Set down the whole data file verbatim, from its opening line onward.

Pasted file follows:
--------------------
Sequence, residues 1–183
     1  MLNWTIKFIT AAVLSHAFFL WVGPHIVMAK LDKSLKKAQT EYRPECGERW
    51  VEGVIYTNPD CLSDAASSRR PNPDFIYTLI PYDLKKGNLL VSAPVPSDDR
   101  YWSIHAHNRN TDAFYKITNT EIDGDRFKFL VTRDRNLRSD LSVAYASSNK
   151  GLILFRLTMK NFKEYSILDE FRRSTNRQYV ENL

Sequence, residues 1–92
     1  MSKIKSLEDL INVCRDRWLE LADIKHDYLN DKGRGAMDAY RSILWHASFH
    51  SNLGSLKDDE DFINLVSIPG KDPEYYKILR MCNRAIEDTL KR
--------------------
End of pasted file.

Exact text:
Sequence, residues 1–183
     1  MLNWTIKFIT AAVLSHAFFL WVGPHIVMAK LDKSLKKAQT EYRPECGERW
    51  VEGVIYTNPD CLSDAASSRR PNPDFIYTLI PYDLKKGNLL VSAPVPSDDR
   101  YWSIHAHNRN TDAFYKITNT EIDGDRFKFL VTRDRNLRSD LSVAYASSNK
   151  GLILFRLTMK NFKEYSILDE FRRSTNRQYV ENL

Sequence, residues 1–92
     1  MSKIKSLEDL INVCRDRWLE LADIKHDYLN DKGRGAMDAY RSILWHASFH
    51  SNLGSLKDDE DFINLVSIPG KDPEYYKILR MCNRAIEDTL KR